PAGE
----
HeroRATS are trained sniffer rats that detect explosives and disease. This unusual idea has been developed into a competitive technology by a group of Belgian and Tanzanian researchers and animal trainers under the umbrella organization called APOPO. APOPO was initiated in response to the global landmine problem. In the mid 90’s it was well recognized that most mine clearance techniques in use were slow, expensive, and dependant on foreign expertise.

Bart Weetjens, the founder of APOPO, got his first experience with rats as his childhood pets. Years later he remembered his pet rats when he became discouraged by the scourge of landmines in African countries and the expensive, time consuming, and foreign technologies available to clear them from the land. With their terrific sense of smell and trainability, rats could provide a cheaper, more efficient and locally available means to detect landmines. These would be HeroRATS.

Through partnerships with Antwerp University and Sokoine University of Agriculture, Bart set up laboratories in Belgium and Tanzania to begin training and testing African Giant Pouched Rats in the detection of explosive materials. Barts hunch about rats proved correct and the trainings were a tremendous success. HeroRATS can use their highly sensitive and accurate sense of smell to identify the presence of both metal and plastic cased landmines, and they can potentially be trained to detect the scent of a number of different things like explosives, tuberculosis bacteria, tobacco, contraband, etc.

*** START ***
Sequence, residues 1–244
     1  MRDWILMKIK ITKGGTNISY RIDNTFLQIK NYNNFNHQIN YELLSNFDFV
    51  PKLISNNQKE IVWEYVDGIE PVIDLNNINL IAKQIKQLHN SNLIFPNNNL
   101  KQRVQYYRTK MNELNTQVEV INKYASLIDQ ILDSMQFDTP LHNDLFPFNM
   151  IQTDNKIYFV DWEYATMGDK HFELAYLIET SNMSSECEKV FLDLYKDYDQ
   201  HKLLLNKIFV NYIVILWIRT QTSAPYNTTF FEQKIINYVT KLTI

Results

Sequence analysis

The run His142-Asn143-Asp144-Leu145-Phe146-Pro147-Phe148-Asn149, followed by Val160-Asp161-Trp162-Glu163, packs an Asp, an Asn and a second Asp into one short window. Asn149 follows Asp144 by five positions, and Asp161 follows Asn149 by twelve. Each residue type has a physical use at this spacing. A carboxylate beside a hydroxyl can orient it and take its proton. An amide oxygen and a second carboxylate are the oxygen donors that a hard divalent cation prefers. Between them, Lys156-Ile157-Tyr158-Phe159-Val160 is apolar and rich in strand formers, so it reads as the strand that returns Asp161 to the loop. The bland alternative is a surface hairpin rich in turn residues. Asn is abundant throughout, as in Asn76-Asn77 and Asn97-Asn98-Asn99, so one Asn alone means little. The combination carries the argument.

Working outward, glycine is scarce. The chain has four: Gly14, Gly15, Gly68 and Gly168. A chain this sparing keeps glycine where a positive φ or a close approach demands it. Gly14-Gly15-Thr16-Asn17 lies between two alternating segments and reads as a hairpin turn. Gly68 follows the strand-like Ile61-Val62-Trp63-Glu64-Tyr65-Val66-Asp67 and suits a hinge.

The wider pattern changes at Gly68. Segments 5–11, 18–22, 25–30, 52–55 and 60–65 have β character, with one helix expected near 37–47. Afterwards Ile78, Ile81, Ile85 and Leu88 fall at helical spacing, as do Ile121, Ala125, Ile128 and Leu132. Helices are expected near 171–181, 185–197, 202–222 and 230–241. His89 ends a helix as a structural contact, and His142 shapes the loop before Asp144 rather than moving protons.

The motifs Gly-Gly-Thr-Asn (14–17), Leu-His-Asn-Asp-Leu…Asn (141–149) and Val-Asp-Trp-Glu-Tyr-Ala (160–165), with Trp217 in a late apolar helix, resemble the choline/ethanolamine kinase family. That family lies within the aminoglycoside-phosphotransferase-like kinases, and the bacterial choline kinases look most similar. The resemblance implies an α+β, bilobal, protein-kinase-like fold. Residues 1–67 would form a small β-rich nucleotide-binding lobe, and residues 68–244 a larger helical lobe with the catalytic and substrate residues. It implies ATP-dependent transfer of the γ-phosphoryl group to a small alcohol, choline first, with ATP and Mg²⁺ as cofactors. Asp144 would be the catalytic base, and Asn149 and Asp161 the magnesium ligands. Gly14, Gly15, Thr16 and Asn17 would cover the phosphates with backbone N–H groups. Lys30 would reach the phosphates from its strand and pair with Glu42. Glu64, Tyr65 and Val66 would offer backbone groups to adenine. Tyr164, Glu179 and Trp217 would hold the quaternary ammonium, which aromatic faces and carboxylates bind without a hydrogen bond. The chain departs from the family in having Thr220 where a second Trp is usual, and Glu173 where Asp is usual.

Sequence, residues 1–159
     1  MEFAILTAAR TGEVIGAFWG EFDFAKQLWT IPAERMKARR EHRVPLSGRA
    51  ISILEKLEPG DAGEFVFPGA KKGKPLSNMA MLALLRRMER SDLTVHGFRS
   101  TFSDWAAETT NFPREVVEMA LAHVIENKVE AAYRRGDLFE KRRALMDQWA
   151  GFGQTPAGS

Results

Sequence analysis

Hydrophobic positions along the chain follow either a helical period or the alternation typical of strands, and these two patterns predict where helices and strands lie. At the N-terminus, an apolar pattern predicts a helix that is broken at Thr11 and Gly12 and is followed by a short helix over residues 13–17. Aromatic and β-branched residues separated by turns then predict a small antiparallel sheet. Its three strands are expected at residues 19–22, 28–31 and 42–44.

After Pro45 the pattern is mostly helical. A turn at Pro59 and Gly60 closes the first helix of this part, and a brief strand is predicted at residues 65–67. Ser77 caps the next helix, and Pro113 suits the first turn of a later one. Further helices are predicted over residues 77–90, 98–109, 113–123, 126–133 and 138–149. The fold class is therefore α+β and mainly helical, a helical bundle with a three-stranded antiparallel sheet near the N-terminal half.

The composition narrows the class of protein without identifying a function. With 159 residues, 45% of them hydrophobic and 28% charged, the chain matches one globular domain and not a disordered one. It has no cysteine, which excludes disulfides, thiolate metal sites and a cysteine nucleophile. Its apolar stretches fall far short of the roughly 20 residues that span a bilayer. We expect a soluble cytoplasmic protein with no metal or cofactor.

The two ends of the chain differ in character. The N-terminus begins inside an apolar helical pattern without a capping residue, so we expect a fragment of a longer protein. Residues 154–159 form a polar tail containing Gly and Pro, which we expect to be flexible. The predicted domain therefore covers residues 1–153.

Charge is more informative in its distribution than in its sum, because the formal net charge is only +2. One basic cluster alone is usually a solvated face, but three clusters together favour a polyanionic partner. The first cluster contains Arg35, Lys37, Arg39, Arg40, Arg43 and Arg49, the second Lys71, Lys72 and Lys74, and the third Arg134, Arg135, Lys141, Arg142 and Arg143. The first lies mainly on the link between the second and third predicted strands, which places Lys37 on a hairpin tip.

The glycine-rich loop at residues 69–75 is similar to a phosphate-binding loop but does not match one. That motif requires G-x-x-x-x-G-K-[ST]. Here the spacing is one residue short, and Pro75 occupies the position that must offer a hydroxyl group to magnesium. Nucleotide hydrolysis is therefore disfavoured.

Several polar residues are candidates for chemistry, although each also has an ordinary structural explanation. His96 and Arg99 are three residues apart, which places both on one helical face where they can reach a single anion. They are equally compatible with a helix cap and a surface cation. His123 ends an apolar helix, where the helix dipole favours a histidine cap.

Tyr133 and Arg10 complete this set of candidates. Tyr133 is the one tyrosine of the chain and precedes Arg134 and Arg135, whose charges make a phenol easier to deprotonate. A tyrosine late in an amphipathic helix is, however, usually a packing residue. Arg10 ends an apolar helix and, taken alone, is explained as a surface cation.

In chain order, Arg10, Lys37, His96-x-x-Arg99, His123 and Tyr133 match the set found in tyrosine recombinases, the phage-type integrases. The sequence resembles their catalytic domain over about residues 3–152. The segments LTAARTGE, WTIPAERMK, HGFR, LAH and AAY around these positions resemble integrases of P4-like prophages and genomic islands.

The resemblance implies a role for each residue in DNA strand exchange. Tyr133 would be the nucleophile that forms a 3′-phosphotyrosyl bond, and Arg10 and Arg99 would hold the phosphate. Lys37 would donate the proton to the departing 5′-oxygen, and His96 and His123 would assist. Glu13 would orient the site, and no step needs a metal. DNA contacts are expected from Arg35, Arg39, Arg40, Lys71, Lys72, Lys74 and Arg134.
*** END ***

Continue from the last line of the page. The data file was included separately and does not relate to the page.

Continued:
Working with the Geneva International Center for Humanitarian Demining, accreditation standards have been established to license the mine-detecting HeroRATS and over 30 trained HeroRATS are now working to demine Mozambique. From these beginnings, APOPO has also expanded its HeroRAT programs to detect Tuberculosis. Further uses are being explored, such as the ability to conduct search and rescue operations in rubble after disasters.